If a sudden, unexpected, or unusual event damages your property, you may be eligible to claim a casualty deduction for that loss during that tax year. This loss is typically caused by an event that was not your fault -- meaning you can't claim a deduction for items you misplaced or broke, for example.
The first thing you need to do is prove to the IRS you're the owner of the property. Additionally, if you receive -- or anticipate receiving -- any insurance reimbursement or lawsuit settlement regarding your losses, you must notify the IRS. Casualty loss deductions are for unrecoverable losses only. If your insurance fully covers your losses, you're not eligible for a casualty loss deduction.
If you lost property due to theft, you must be prepared to show the IRS a police report documenting the theft. If you lost property due to a weather event or fire, be sure to record all of the details. Photos of the destruction and damage are helpful, if you can provide them.
Holding on to your records and receipts -- and making sure that they're organized -- is a good way to prove your property ownership. Keep the following things whenever you purchase or improve a big ticket item, and you won't be struggling to prove ownership when tax time comes:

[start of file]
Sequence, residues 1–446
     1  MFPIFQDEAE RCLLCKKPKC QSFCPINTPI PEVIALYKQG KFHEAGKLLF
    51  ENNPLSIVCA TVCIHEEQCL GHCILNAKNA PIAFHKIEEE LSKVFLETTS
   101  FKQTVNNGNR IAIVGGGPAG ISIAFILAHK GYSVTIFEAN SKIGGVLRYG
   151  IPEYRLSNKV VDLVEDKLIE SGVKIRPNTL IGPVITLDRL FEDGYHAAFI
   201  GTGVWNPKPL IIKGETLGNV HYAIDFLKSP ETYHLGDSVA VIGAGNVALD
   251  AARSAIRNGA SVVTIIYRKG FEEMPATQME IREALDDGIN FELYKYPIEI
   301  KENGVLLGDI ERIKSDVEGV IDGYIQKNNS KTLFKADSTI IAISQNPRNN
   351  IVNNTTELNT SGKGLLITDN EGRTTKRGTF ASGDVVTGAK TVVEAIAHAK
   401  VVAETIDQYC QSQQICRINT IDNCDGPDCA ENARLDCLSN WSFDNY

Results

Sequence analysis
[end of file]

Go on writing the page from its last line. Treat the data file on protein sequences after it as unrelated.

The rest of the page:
- Paperwork showing you owned the property damaged, stolen or destroyed
- Receipts showing both the original cost of the item and any improvements you have made to the property
- Proof of the property's current and fair market value, such as appraisals or current insurance statements
These records can all save time and make things easier in the event of any loss whether you claim a casualty loss deduction or not, and help if you have any issues with the IRS.
Keep reading to learn how to claim a personal casualty loss deduction.